Are you looking for some marketing inspiration? We can’t blame you. The marketing ecosystem is dynamic. New trends, tactics, and technologies emerge too frequently to keep up. If you’re stuck in the past and use obsolete marketing strategies, you can’t succeed.
2019 saw a number of new marketing methods and the resurgence of some old ones. Digital marketing trends like podcasting, chatbot marketing, voice/visual search optimisation, and brand storytelling occupied centre stage. 2020 promises to bring in newer and more disruptive marketing strategies. Sales and marketing tips, research material, and statistics can help you formulate a formidable marketing plan for yourself and your clients. But there’s nothing like marketing strategy examples to get those creative juices flowing.
In this post, we’ve covered 10 brands that nailed their marketing strategies. They either came up with an entirely new tactic to hook customers or gave an innovative twist to an existing strategy. In all cases, the results were stupendous. Let’s dive in.
Are you at your wit’s end trying to make your marketing methods work? It can be frustrating to watch your full-proof marketing plan fail. But it’s not the end of the world. The bottom line? There are many marketing methods you haven’t tried yet.
The brands in this post might not be in the same niche or be the same size as your brand, but their marketing strategies can be replicated for your business. Or you can pick the example that best aligns with your business. In any case, it never hurts to take a look.
- 1 1. Bounty: Surprise Your Audience
- 2 2. Myfix Cycles: Retarget Consistently
- 3 3. GoPro: Leverage User-Generated Content (UGC)
- 4 4. Warby Parker: Monetise Your Brand Story
- 5 5. Vogue: Power Your Loyalty Programs
- 6 6. Coca-Coca: Champion a Cause
- 7 7. Frito-Lay: Be Original, Be Fun
- 8 8. Taco Bell: Be Where Your Audience Is
- 9 9. Heineken: Ace the Sponsorship Game
- 10 10. World Wildlife Fund for Nature (WWF): Be Creative
10 of the Best Marketing Strategy Examples To Power Your Campaigns:
1. Bounty: Surprise Your Audience
Paper towel brand, Bounty, uses guerrilla marketing techniques to surprise people. In simple words, guerrilla marketing means putting your brand in front of people in unexpected ways. Bounty put up life-sized “spills” in busy downtown areas of New York.
Knocked-down cups of coffee and giant melting ice creams are sure to catch people’s eye. Bounty placed hoardings of their paper towels next to the mess to convey their messaging in a visual yet minimalistic manner. They could have used a billboard but it wouldn’t have created an impression as lasting as this one.
Your takeaway: Think of unconventional ways to reach out to consumers. Highlight their pain point and the solution that your brand offers.
2. Myfix Cycles: Retarget Consistently
All marketers will agree on one thing. Today’s internet users have short attention spans. Between messaging apps, window switching, and “real world” duties, it’s almost impossible to get users to focus on one thing.
Retargeting is like a second chance at converting lost customers. You can also use it for activating dormant users or upselling to existing customers. This is done by sending strategically-timed alerts via SMS, emails, ads, and pop-ups to targets.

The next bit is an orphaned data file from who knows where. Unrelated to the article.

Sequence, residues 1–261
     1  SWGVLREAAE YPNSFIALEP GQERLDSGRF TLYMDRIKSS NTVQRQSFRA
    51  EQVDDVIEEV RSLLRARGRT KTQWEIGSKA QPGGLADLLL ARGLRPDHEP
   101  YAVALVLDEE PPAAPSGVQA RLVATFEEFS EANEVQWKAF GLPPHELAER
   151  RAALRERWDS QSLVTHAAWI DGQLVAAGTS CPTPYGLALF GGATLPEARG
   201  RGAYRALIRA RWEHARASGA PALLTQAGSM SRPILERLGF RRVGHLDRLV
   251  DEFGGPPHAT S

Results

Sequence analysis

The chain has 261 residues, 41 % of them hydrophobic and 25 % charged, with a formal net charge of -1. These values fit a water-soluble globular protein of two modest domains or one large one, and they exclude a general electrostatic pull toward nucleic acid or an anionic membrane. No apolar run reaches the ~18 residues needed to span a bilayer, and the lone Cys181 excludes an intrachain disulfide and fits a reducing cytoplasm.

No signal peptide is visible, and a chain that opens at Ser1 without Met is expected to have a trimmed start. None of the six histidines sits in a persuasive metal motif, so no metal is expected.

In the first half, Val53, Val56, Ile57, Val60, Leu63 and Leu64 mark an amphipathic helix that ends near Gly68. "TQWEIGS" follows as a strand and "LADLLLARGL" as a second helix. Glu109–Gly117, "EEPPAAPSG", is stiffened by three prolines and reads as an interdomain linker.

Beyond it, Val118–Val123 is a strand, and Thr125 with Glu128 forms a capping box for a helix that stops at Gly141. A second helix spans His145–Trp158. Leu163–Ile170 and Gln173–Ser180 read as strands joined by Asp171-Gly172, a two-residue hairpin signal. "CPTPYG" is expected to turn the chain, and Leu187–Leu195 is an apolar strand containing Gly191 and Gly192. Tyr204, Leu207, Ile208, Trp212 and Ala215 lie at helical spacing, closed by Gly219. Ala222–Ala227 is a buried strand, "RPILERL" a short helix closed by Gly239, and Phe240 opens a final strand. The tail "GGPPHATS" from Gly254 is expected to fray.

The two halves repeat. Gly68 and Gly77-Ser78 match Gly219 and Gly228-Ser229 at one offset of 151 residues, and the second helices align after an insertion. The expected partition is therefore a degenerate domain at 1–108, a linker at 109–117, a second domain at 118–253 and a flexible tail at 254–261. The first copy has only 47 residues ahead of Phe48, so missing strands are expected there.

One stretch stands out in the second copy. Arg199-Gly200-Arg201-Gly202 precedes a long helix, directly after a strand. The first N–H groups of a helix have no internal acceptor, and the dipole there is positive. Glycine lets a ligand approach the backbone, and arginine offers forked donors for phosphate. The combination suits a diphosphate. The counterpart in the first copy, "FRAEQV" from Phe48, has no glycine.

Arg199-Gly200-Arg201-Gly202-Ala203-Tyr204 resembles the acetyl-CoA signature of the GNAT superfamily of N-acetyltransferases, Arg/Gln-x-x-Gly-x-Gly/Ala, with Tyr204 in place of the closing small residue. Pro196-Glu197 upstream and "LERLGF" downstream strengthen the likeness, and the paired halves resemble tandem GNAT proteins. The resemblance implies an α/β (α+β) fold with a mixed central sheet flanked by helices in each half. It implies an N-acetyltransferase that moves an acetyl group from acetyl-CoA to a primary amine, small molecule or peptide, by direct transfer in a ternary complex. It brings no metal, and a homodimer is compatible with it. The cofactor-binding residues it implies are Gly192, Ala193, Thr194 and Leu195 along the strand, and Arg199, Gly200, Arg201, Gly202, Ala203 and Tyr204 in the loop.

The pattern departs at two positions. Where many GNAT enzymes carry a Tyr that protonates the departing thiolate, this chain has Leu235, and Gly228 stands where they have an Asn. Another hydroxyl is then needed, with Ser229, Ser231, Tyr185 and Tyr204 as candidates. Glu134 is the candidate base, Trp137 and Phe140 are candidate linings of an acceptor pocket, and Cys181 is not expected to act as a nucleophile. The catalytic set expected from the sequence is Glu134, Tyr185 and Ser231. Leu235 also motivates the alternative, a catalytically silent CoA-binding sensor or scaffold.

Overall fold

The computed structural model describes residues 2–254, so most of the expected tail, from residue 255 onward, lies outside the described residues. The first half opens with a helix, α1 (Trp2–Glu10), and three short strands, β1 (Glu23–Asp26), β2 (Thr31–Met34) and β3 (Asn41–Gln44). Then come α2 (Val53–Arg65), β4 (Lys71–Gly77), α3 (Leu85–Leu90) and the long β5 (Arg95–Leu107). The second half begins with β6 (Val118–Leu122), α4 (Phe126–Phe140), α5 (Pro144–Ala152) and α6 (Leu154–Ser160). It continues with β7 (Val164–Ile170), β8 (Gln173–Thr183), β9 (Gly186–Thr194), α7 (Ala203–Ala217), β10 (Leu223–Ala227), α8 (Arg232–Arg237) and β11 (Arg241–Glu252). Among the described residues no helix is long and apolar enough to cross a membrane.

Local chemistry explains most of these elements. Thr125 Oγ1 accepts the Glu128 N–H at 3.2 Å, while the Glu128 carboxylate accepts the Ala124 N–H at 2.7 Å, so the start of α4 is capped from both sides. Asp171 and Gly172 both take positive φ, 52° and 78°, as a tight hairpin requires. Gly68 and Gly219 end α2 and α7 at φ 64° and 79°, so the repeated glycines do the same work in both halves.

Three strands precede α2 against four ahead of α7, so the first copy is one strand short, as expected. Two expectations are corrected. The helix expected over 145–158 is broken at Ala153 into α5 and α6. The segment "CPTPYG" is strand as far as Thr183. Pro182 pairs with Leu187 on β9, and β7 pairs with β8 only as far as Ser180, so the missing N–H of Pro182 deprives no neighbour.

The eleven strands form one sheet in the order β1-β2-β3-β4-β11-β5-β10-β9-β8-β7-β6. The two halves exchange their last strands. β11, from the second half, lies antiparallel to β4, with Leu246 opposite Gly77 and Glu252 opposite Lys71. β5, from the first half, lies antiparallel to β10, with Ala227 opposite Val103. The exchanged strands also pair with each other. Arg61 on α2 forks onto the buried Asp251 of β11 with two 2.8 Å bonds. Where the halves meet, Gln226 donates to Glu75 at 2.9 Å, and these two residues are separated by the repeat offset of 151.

Canadian cycle brand, Myfix Cycles, uses retargeting brilliantly. They partnered with Webrunner Media to run a Facebook retargeting campaign. They installed a tracking code called Facebook Pixel on their website to follow site visitors doggedly around the web.
They targeted three demographics: people who visited their sites in the past 14 days; people who added items in their carts but left without checking out; and customers who made a purchase in the past 180 days.
They flashed ads to tell their targets that items in their abandoned carts had been marked down. They sweetened the deal by adding free shipping.
Your takeaway: Every customer matters. Invest in a retargeting ad campaign and reduce customer acquisition costs.
3. GoPro: Leverage User-Generated Content (UGC)
GoPro cameras are a hit with adrenaline junkies who love to capture their daredevil stunts on film. GoPro makes it super-easy for customers to create and share branded videos shot by their cameras.
Their video editing program automatically appends the company’s logo and branding elements to each clip. Then, GoPro shares this UGC on their social accounts. This has a snowball effect and spurs other GoPro users to create branded videos.
GoPro raises the stakes by their GoPro Awards. They reward owners of the best content with gear, cash prizes, or “social stokes” (a term they’ve coined for shoutouts and reshares on GoPro’s official social accounts). The results? Customer loyalty and authentic social proof for no extra cost.
Your takeaway: Use UGC extensively in your campaigns to convert your customers into brand advocates.
4. Warby Parker: Monetise Your Brand Story
Warby Parker was founded with a mission. The eyewear company wanted to sell premium-quality glasses at affordable prices. They are the common man’s answer to Gucci and Armani. But, they don’t just sell glasses, they humanise their brand story.
Their site’s History page talks about how the brand owners had less than 20/20 vision but couldn’t afford to buy glasses. They created the brand to break the monopoly of high-end brands and provide quality glasses at low prices. That’s a convincing story of a genuine brand championing a good cause.
Check out their Instagram page. For every pair of glasses they sell, they donate a pair to the needy. In this way, they involve customers in their brand story. People feel good that they’re associated with a humanitarian brand.
Your takeaway: Don’t shy away from sharing your brand personality. Customers like to engage with a human brand rather than with a faceless entity.
5. Vogue: Power Your Loyalty Programs